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Vitamin B6

Vitamin B6

Vitamin B6 (also known as pyridoxine) is one of the 8 B vitamins. Like all the B vitamins it has lots of important functions including helping the body meet its energy needs.

Where do I find vitamin B6?

  • Vitamin B6 is found in loads of different foods including fish, poultry, pork peanuts, cereals, milk, bread, soya beans, fruit (other than citrus fruits) and vegetables (particularly starchy veg).
  • Good food sources include: brewer’s yeast, bananas and sunflower seeds.
  • Like other B vitamins, B6 cannot be stored in your body, so you need to obtain it from your daily diet.
  • Men need about 1.4mg a day and women 1.2mg.

Why do I need vitamin B6?

Vitamin B6 helps the body convert food into energy and also supports the formation of the protein haemoglobin which is found in our red blood cells. Haemoglobin carries oxygen from the lungs to all the body’s cells. Vitamin B6 is also thought to aid brain development during pregnancy and infancy and also benefits the immune system.

It’s been suggested that vitamin B6 may also be helpful in reducing symptoms of premenstrual syndrome (PMS), nausea during pregnancy and may improve cognitive function such as memory in elderly people. However, more research is needed. Some experts also cite vitamin B6 as helpful for people with arthritis, asthma and attention deficit-hyperactivity disorder (ADHD) and nerve compression injuries such as carpal tunnel.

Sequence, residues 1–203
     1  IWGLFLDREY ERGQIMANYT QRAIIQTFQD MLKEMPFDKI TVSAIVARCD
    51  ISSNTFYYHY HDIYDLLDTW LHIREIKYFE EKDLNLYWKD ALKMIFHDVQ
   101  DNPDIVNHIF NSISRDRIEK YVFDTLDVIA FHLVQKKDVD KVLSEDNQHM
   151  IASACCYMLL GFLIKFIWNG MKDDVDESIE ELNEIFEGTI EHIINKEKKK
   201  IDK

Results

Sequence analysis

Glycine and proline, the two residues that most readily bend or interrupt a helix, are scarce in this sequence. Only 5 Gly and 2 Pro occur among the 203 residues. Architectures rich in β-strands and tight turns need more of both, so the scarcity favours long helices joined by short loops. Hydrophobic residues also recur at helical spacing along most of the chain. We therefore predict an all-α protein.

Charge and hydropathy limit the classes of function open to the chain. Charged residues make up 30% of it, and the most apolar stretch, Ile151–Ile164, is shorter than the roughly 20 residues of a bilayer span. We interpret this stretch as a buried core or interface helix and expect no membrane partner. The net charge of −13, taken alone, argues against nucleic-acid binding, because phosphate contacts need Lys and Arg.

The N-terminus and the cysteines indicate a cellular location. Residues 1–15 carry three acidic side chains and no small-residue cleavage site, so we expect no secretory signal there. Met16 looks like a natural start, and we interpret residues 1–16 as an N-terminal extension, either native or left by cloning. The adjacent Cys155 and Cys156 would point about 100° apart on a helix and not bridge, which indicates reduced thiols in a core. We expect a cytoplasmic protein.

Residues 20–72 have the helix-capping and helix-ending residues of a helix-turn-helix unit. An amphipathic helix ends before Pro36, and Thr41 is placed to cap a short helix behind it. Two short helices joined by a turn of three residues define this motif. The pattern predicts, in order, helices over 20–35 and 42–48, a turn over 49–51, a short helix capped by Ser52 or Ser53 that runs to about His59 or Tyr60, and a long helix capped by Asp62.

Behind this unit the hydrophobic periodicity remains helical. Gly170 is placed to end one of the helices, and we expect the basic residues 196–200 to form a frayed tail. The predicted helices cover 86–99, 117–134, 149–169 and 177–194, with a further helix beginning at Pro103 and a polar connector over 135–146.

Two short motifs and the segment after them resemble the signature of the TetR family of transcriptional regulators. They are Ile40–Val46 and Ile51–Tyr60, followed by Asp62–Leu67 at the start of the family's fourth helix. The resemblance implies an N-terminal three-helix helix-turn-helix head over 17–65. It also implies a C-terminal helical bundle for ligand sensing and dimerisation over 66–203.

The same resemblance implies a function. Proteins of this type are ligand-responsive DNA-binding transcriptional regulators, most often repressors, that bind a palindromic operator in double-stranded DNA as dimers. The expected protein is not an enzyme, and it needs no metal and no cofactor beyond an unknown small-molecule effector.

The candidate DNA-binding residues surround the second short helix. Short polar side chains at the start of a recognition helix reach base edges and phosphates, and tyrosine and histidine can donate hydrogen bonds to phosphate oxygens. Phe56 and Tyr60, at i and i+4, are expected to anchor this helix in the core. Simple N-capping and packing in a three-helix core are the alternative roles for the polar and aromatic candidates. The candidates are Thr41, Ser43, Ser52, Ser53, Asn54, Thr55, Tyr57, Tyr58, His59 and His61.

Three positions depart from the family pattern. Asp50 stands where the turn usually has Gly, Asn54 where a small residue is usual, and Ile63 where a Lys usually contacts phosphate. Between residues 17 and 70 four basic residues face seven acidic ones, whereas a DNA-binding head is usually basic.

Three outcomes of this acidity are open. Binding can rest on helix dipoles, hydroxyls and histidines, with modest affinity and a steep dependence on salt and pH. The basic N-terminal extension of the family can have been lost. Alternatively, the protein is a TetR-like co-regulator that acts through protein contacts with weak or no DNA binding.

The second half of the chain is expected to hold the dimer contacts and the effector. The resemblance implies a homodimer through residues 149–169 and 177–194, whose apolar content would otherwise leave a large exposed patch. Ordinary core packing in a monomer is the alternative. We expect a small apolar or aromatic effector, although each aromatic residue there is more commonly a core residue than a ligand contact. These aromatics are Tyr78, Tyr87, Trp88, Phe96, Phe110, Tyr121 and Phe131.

How will I know if I am lacking in vitamin B6?

A vitamin B6 deficiency is rare in the UK. Symptoms of a deficiency include anaemia, itchy rashes, cracks and sore lips and a swollen tongue. A lack of vitamin B6 can also cause confusion and a weakened immune system and lead to nerve damage in the hands and feet.

Can vitamin B6 ever be harmful?

Too much vitamin B6 can lead to tingling and a loss of feeling in your arms and legs. The condition (known as ‘peripheral neuropathy’) usually goes away once you stop taking supplements although it can be irreversible if you have ‘over-dosed’ for a long time.

Unless advised by a doctor you should limit vitamin B6 supplements to no more than 10mg a day. Doses of over 200mg can lead to numbness in your limbs, as described above.

If you are on medication and wish to take vitamin B6 supplements you should first check if this is okay with your doctor as vitamin B6 supplements can interact with some medications including strong antibiotics used to treat tuberculosis and drugs used to treat Parkinson’s disease.